5. Patron-funded purchases. Libraries are tight on funding even as they need to completely transform what they do. Their biggest asset is a huge reservoir of public goodwill. At this pivotal juncture, their ebook offerings are characterized by long hold queues. Why can't a library patron buy an extra copy for the library and jump to the front of the queue? Why don't publishers offer "Buy for your Library" buttons on their catalog pages? The reasons are complex, but it's mostly a case of "we haven't done that before". But if it doesn't happen I just can't fathom how library discovery can effectively plug into publisher commerce.
  6. License durability. If libraries are expected to "buy" ebooks, it should be pretty much for keeps. If the publisher for some reason has to revoke a license without cause, the library should get a refund of the license price.
  7. Archival copies. Libraries need to do a lot of things with books other than lending. Indexing and archiving are good examples. The saddest thing about the most successful library ebook distributors today is that libraries don't get access to unencrypted ebook files. If libraries are to offer effective discovery and archiving of ebooks, they need access to the files. Seems a no-brainer to me.
There are a bunch of parameters to plug into this framework; here's my guess as to what they should be:
  • Rate limits: One authenticated user per two weeks.
  • Circulation fee: $0 for the first year, after the first year, 2% of purchase price or $1 whichever is greater. 
  • ILL fee (publisher share): 5% of purchase price or $2, whichever is greater. 

A rational ebook lending framework would mean big changes for both the book publishing industry and the library industry. Even if a HarperCollins decided today that this was an attractive way forward, it would be hard-pressed to find a way to implement it, because libraries just don't work that way. So it seems a bit far-fetched at this point. Based on the iBookstore fiasco, it appears to be illegal for big publishers to even talk to each other, let alone drive business model changes. It's good that a library group is still trying to figure it out.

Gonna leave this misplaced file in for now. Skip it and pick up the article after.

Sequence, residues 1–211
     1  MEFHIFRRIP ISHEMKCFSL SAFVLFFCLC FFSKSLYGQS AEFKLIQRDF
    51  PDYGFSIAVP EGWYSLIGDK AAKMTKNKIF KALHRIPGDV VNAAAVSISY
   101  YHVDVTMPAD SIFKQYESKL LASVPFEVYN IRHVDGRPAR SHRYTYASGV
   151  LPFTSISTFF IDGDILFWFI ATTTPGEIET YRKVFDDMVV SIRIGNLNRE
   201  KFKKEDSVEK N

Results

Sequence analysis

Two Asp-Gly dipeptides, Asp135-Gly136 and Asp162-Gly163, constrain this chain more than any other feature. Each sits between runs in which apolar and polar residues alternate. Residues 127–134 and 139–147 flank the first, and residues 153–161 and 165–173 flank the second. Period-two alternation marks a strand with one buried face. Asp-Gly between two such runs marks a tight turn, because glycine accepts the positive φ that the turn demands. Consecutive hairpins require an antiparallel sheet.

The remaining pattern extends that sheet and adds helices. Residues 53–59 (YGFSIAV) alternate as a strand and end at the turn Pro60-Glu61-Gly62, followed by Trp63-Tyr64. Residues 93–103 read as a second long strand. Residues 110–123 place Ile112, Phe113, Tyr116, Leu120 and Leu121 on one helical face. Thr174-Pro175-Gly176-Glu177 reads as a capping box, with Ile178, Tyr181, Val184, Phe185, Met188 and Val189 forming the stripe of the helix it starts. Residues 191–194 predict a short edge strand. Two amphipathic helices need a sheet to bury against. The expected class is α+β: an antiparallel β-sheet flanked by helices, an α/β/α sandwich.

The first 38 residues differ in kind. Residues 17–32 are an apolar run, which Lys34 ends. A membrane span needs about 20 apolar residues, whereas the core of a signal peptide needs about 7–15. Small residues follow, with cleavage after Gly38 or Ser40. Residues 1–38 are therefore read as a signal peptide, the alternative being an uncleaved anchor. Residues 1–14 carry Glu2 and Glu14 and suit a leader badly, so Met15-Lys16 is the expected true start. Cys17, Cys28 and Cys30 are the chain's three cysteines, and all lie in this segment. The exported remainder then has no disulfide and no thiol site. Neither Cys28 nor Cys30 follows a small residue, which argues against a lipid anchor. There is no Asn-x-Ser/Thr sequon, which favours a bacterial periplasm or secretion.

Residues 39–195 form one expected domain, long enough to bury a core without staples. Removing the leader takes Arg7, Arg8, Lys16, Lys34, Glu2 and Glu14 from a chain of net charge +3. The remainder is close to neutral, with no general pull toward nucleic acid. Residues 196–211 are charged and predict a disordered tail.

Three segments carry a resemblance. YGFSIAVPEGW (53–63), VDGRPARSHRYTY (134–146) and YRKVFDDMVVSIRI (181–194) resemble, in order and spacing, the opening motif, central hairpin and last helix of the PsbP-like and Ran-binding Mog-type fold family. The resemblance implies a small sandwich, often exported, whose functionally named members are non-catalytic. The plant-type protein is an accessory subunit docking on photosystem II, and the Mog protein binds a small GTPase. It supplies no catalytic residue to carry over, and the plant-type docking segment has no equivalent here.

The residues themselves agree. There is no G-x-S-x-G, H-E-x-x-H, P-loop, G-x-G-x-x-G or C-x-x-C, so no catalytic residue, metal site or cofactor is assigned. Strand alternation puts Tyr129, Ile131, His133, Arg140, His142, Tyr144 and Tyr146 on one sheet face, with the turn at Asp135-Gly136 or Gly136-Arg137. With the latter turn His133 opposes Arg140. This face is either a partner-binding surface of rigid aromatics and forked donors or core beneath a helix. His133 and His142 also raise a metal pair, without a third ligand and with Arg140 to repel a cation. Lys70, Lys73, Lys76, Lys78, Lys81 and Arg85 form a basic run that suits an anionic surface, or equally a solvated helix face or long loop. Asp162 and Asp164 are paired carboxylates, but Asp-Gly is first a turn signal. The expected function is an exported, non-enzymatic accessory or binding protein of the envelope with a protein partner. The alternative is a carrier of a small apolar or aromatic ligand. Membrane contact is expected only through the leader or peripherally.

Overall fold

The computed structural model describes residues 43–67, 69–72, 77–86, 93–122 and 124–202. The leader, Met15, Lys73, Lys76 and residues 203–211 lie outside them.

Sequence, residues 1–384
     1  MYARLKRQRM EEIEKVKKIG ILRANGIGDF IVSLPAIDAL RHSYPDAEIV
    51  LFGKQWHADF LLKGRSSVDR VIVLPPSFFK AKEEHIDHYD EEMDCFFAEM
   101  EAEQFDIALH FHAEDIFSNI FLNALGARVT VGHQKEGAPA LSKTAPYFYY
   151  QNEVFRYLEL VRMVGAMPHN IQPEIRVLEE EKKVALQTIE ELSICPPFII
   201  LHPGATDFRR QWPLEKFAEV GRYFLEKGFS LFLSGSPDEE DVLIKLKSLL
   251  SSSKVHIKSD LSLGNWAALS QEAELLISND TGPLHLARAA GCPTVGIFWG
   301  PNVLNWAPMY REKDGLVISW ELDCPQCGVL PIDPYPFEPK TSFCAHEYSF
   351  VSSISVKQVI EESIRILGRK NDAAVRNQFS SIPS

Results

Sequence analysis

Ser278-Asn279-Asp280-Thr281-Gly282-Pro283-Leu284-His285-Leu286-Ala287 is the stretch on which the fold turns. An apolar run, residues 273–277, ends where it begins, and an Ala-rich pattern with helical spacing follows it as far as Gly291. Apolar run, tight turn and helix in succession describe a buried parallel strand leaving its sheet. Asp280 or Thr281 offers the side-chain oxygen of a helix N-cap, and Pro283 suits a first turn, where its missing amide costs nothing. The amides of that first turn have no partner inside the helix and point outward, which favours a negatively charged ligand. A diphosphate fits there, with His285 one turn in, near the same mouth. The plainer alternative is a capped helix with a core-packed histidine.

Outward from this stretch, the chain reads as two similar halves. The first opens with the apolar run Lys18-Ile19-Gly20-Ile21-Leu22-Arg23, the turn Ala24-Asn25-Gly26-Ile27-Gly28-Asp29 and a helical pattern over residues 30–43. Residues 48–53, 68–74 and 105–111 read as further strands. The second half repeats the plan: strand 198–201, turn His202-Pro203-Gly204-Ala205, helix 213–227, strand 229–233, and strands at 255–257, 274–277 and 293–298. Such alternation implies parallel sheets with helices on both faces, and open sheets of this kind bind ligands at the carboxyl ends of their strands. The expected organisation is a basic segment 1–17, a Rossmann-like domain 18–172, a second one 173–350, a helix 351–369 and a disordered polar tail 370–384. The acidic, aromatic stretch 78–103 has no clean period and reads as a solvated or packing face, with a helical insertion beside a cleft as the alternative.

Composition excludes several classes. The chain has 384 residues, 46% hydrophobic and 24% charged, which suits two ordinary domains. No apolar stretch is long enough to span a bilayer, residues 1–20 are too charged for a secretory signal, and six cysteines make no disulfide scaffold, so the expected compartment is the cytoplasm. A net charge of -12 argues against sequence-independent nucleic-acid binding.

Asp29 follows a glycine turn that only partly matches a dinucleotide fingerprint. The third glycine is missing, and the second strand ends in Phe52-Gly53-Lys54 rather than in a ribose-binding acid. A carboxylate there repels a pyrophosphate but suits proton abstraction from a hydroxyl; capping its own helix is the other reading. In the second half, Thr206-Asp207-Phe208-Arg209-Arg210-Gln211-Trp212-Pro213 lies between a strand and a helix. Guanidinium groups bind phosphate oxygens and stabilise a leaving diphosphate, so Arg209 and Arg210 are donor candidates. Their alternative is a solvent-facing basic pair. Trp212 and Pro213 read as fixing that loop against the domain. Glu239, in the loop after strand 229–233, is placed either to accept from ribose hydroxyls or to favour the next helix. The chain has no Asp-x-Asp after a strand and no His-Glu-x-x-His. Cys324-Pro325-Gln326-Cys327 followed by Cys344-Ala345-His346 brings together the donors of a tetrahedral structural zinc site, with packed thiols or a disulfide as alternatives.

Maybe some small startup company could try some sort of pilot program.

Saturday, August 3, 2013

Wattpad Usage is in the Ballpark of US Public Libraries

Billion Reasons Why, a novel
by xXdemolitionloverXx
on Wattpad
While working on another article, I came across this bit of data. Wattpad, the reading and writing community that's sort of a YouTube for stories, claims that its users are spending 3.5 billion minutes per month on the site. That's a number so big that I had no context for it.

So I wondered, how many minutes per month do people spend in their public libraries? There's a lot of data available for US public libraries from IMLS. In 2010, the most recent year for which data is available, 1.57 billion visits were made to US public libraries, or about 131 million visits per month. I have no idea how long an average library visit lasts, but let's say it's a half hour, then the total minutes of "user engagement" by US public libraries would be about 3.9 billion minutes per month. Roughly the same as Wattpad.

Maybe we should also count the time that readers spend at home with a library book, 30 minutes might be a serious underestimate. (see update) Also, Wattpad's usage is spread out internationally- they are the top mobile site in the Phillipines, for example. So its usage within the US is probably quite a bit less than public libraries. But it's also concentrated in certain demographics- teenage girls, for example. And it continues to grow at a solid pace.

Update: Karen Coyle point out in comments that you could also estimate library user engagement by looking at circulations. By that measure, assuming an average of 4 hours of reading per book, you get that US public libraries are about 8 Wattpads of engagement.

Any way you look at it, that's a lot of reading going on.

Tuesday, July 30, 2013

Proposal: The Dated Creative Commons License

Back on June 15, Peter Suber's book Open Access itself went open access, one year after its initial publication. You can get the ebook for free from MIT Press, but because of the Creative Commons license you can also get it from Internet Archive, and has a page to help you download it. It seems appropriate for this book to be its own publishing experiment, and from what I hear, the book has done well, in addition to doing good.